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Pneumococcal quorum sensing drives an asymmetric owner–intruder competitive strategy during carriage via the competence regulon

Nature Microbiologyvolume 4pages198208 (2019) | Download Citation


Competition among microorganisms is a key determinant of successful host colonization and persistence. For Streptococcus pneumoniae, lower than predicted rates of co-colonizing strains suggest a competitive advantage for resident bacteria over newcomers. In light of evolutionary theory, we hypothesized that S. pneumoniae use owner–intruder asymmetries to settle contests, leading to the disproportionate success of the initial resident ‘owner’, regardless of the genetic identity of the ‘intruder’. We investigated the determinants of within-host competitive success utilizing S. pneumoniae colonization of the upper respiratory tract of infant mice. Within 6 h, colonization by the resident inhibited colonization by an isogenic challenger. The competitive advantage of the resident was dependent on quorum sensing via the competence (Com) regulon and downstream choline binding protein D (CbpD) and on the competence-induced bacteriocins A and B (CibAB) implicated in fratricide. CbpD and CibAB are highly conserved across pneumococcal lineages, indicating evolutionary advantages for asymmetric competitive strategies within the species. Mathematical modelling supported a significant role for quorum sensing via the Com regulon in competition, even for strains with different competitive advantages. Our study suggests that asymmetric owner–intruder competitive strategies do not require complex cognition and are used by a major human pathogen to determine ‘ownership’ of human hosts.

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Data availability

The in vivo measurements, formatted as used to fit the competition model, are available on figshare at The code used to run and fit the population dynamics model, and draw the associated plots, is available at github: (Apache 2.0 license). The code we used to calculate Tajima’s D is available at github: (GPL 2.0 license). The data that support the findings of this study are available from the corresponding author upon request.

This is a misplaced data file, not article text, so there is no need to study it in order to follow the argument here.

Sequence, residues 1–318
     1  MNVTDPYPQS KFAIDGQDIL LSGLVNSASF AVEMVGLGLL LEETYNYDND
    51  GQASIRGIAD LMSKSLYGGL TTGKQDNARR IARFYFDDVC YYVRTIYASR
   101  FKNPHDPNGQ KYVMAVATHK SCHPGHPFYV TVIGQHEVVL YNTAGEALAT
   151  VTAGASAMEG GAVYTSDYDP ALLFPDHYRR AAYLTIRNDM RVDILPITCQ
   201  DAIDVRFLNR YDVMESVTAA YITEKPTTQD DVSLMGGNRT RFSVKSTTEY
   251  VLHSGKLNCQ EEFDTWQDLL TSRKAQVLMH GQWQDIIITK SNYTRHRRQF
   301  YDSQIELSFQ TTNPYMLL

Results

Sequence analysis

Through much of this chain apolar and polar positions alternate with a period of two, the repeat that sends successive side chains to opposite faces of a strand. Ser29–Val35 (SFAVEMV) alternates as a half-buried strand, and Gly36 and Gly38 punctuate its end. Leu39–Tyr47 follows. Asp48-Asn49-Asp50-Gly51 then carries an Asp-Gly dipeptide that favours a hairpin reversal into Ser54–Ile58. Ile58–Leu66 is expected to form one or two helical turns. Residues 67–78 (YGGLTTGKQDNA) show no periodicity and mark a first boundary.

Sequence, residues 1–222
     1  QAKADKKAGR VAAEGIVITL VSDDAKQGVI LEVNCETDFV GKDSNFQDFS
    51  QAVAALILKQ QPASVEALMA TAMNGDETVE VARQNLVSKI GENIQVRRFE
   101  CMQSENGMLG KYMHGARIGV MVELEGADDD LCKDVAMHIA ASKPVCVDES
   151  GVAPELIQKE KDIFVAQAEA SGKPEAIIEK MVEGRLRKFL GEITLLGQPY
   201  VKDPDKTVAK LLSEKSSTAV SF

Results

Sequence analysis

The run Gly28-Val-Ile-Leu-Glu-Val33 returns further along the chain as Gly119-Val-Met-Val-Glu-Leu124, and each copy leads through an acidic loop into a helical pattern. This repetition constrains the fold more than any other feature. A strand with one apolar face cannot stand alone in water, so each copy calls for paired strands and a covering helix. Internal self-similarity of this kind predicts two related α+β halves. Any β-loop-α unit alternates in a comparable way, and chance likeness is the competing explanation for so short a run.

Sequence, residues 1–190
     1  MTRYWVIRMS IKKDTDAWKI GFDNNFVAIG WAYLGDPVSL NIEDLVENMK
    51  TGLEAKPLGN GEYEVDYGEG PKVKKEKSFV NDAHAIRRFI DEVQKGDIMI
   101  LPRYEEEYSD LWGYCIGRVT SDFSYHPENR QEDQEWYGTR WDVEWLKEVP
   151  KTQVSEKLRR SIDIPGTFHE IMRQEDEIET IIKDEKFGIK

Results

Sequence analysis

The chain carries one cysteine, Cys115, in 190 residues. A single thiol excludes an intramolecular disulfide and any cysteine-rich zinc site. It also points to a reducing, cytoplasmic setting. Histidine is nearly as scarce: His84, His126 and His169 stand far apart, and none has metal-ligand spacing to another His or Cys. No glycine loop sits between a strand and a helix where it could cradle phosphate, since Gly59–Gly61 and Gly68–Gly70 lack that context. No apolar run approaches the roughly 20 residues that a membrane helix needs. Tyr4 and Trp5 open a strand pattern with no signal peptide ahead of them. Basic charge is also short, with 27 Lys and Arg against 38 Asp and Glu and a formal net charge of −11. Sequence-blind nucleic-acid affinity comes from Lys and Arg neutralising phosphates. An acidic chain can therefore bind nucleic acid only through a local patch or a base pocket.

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The authors thank S. Frost and J. Corander for their advice on the formulation of the stochastic model and likelihood-free model fitting, respectively.

Author information


  1. Department of Microbiology, New York University School of Medicine, New York, NY, USA

    • Pamela Shen
    • , John A. Lees
    • , Gavyn Chern Wei Bee
    •  & Jeffrey N. Weiser
  2. School of Biological Sciences, Georgia Institute of Technology, Atlanta, GA, USA

    • Sam P. Brown


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P.S. contributed to project design, experimental work, data analyses and interpretation, and drafting of the manuscript. J.A.L. designed mathematical modelling, carried out all simulations and population genomics, interpreted data, and prepared the modelling section of the manuscript. G.C.W.B. assisted with experimental work. S.P.B. provided assistance on mathematical modelling and drafting of the manuscript. J.N.W. is the corresponding author and oversaw the project conception and design, data interpretation, and manuscript preparation.

Competing interests

The authors declare no competing interests.

Corresponding author

Correspondence to Jeffrey N. Weiser.

Supplementary information

  1. Supplementary Information

    Supplementary Methods, Supplementary Figures 1–13, Supplementary Tables 1–3, 5 and 6, and Supplementary References.

  2. Reporting Summary

  3. Supplementary Table 4

    Conservation of bacteriocins in the pneumococcal population.

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